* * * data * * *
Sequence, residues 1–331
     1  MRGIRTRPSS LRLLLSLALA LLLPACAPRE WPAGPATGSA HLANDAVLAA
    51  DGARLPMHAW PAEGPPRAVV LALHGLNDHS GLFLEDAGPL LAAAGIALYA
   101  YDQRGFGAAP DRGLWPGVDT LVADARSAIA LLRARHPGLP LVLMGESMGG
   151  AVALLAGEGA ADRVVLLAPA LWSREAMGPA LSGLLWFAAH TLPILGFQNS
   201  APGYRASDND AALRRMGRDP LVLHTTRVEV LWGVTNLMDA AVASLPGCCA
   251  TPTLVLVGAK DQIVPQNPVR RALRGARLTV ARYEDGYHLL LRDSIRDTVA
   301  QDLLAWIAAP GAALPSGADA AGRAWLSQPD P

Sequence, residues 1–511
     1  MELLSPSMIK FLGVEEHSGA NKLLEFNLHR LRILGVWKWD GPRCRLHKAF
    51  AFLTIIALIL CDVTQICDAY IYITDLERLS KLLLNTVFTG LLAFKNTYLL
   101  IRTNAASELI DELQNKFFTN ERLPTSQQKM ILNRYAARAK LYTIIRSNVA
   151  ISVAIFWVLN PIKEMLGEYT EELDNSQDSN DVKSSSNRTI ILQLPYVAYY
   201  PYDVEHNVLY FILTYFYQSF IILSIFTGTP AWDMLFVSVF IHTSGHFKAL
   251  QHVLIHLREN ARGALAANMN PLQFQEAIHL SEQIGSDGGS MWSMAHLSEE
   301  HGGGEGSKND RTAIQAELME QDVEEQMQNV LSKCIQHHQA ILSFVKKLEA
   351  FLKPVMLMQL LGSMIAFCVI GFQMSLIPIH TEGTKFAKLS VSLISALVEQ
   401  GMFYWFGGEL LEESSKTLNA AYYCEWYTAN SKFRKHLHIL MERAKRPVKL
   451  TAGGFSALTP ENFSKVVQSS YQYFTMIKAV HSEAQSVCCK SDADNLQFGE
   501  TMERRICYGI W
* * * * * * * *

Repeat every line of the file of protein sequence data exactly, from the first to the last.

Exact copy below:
Sequence, residues 1–331
     1  MRGIRTRPSS LRLLLSLALA LLLPACAPRE WPAGPATGSA HLANDAVLAA
    51  DGARLPMHAW PAEGPPRAVV LALHGLNDHS GLFLEDAGPL LAAAGIALYA
   101  YDQRGFGAAP DRGLWPGVDT LVADARSAIA LLRARHPGLP LVLMGESMGG
   151  AVALLAGEGA ADRVVLLAPA LWSREAMGPA LSGLLWFAAH TLPILGFQNS
   201  APGYRASDND AALRRMGRDP LVLHTTRVEV LWGVTNLMDA AVASLPGCCA
   251  TPTLVLVGAK DQIVPQNPVR RALRGARLTV ARYEDGYHLL LRDSIRDTVA
   301  QDLLAWIAAP GAALPSGADA AGRAWLSQPD P

Sequence, residues 1–511
     1  MELLSPSMIK FLGVEEHSGA NKLLEFNLHR LRILGVWKWD GPRCRLHKAF
    51  AFLTIIALIL CDVTQICDAY IYITDLERLS KLLLNTVFTG LLAFKNTYLL
   101  IRTNAASELI DELQNKFFTN ERLPTSQQKM ILNRYAARAK LYTIIRSNVA
   151  ISVAIFWVLN PIKEMLGEYT EELDNSQDSN DVKSSSNRTI ILQLPYVAYY
   201  PYDVEHNVLY FILTYFYQSF IILSIFTGTP AWDMLFVSVF IHTSGHFKAL
   251  QHVLIHLREN ARGALAANMN PLQFQEAIHL SEQIGSDGGS MWSMAHLSEE
   301  HGGGEGSKND RTAIQAELME QDVEEQMQNV LSKCIQHHQA ILSFVKKLEA
   351  FLKPVMLMQL LGSMIAFCVI GFQMSLIPIH TEGTKFAKLS VSLISALVEQ
   401  GMFYWFGGEL LEESSKTLNA AYYCEWYTAN SKFRKHLHIL MERAKRPVKL
   451  TAGGFSALTP ENFSKVVQSS YQYFTMIKAV HSEAQSVCCK SDADNLQFGE
   501  TMERRICYGI W